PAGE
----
Protests and crackdown: Rappers vs. the regime in Iran


In a country where rap is illegal, Toomaj chose rap to challenge Iran’s hardline regime


Iran has sentenced 32-year-old rapper Toomaj Saheli to death

In a country where rap is illegal, Toomaj chose rap to challenge Iran’s hardline regime which doesn’t tolerate dissent. Now he’s facing the death penalty for refusing to back down.
This is part of a terrifying crackdown on the “Women, Life, Freedom” protests that have swept through the entire country since the killing of Jina Mahsa Amini, an Iranian Kurdish woman arrested in 2022 for  not covering her head properly. She died in police custody three days later, and was posthumously awarded the 2023 Sakharov Prize for Freedom of Thought. The prize was shared between her and the Woman, Life, Freedom Movement in Iran.


National hero 

People all around the world are calling for Toomaj’s release. In Iran,  he’s become a national hero for all those who continue to resist the regime at great personal risks. 
Toomaj took to rap after his brother introduced him to Tupac Shakur: He made great personal sacrifices for his music, selling the most precious things he owned to produce his music against the ban on rap enforced by the morality police. As the son of a political prisoner, rap became his way to fight back for his country and a better future.
He was arrested last year, tortured, and released after forced confessions. But he continued rapping his volatile, in-your-face songs, and was arrested again. The Supreme Court dropped some of the charges against him but, in an unprecedented move, a court in Iran’s parallel justice system reversed the supreme court’s decision on Saleh’s case, upholding the original verdict of “corruption on earth” and issued the maximum punishment of death.


Protest songs 

Salehi is mainly known for his protest songs concerning Iran’s societal issues and the regime’s authoritarian policies, -- songs such as ‘Mouse Hole’, ‘Turkmenchay’ and ‘Pomegranate.’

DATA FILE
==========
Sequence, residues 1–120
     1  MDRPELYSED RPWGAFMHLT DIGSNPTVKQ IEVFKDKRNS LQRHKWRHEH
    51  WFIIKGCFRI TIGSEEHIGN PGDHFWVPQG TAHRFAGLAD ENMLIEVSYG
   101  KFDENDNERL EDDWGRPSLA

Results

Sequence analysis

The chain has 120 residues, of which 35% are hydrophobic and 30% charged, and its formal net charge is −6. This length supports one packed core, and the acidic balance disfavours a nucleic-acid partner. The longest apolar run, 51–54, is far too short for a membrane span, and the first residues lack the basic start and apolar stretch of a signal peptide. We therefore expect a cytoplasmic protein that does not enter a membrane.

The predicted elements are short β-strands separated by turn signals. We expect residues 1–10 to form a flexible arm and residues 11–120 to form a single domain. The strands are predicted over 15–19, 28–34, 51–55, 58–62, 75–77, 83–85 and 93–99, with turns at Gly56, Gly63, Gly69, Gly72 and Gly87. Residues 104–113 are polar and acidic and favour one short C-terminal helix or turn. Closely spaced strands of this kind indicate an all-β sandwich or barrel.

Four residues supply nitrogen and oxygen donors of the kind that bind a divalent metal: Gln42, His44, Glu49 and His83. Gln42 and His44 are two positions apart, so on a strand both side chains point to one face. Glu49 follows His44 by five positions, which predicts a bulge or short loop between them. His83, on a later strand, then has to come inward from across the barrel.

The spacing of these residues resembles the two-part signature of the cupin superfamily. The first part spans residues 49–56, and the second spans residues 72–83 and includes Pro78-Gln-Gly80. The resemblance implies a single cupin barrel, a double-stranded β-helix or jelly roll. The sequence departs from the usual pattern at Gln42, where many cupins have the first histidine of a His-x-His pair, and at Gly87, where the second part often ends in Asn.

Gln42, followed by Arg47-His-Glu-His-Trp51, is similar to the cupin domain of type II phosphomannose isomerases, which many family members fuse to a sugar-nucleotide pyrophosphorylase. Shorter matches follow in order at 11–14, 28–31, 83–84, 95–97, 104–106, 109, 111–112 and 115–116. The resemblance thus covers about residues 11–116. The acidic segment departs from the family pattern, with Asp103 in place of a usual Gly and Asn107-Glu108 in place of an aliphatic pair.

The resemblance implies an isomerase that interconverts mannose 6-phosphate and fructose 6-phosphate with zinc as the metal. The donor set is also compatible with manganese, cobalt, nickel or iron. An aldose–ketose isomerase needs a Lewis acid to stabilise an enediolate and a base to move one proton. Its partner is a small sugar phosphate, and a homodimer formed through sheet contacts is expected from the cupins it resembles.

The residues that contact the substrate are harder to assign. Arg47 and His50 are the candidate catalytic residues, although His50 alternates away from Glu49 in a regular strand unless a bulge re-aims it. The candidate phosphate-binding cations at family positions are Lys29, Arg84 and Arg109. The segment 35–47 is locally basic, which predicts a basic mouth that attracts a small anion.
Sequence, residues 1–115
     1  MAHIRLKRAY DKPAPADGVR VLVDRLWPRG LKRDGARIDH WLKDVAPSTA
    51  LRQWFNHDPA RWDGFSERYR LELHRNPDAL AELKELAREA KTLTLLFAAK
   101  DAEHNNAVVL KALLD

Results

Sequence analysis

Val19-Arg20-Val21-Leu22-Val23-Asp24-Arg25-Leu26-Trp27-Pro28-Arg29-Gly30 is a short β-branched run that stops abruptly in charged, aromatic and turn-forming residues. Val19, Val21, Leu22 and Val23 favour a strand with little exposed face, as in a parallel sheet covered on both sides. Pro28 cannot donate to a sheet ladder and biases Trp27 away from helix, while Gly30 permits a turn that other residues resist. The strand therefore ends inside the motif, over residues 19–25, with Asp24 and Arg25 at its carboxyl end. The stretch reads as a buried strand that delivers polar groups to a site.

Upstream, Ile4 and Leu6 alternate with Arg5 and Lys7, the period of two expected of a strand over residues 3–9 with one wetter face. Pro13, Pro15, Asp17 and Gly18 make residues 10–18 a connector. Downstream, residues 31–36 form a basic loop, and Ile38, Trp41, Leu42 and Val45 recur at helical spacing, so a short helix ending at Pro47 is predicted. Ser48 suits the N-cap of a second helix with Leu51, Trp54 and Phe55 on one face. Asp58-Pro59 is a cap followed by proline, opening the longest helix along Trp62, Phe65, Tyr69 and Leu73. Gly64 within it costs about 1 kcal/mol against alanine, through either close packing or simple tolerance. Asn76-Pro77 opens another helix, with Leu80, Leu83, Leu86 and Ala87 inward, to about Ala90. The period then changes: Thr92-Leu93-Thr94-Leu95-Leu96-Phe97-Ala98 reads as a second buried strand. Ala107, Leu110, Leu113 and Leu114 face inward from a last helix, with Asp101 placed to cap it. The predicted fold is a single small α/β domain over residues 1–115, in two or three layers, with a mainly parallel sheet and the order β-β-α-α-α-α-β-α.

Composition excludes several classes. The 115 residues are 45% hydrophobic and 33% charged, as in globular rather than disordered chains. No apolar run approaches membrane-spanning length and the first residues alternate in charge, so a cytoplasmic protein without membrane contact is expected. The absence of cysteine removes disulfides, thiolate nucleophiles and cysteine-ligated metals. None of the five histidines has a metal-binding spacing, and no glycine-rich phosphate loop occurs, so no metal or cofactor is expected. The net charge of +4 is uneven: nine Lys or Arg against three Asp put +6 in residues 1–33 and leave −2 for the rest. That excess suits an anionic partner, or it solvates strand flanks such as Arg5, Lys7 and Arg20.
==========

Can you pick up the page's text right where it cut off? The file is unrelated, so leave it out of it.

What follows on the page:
His last music YouTube video posted prior to his 2022 arrest included the lyrics: “Someone’s crime was dancing with her hair in the wind/ Someone’s crime was that he or she was brave and criticized... 44 years of your government / It’s the year of failure.”

“Shallagh” (Whip) is a particular hard-hitting song done together with fellow rapper Justina. It says:
“This is a fresh generation/they won’t dance to your tune/hijab/no hijab/During life we didn’t deserve to get slapped on the head/you can no longer force me to cover my head/You forty-year-old enemy of Iran/it’s time to get into your head/repression doesn’t last/as the courageous woman from the city of Gorgan said/I’ll crap into this hijab and the laws of this establishment/my hair becomes a whip against your face.”

It’s defiant lyrics like these that enrage the regime’s censors. Salehi isn’t the only artist to have been targeted for showing opposition to the government. The Kurdish-Iranian rapper Saman Yasin, who was also arrested at the height of 2022’s protests in Iran, was taken to a psychiatric hospital twice in less than a year, according to the pro-reform news outlet IranWire. A court in Tehran has sentenced  Yasin to five years in prison. 

 

 


What Toomaj Saleh, Justina and Saman Yasin have done is to put more  emphasis on the lyrics than on the music. They accuse, insult and  directly challenge the regime with their hard-hitting songs, and it  thinks that the death penalty is the best way to stop them


 

Salehi’s release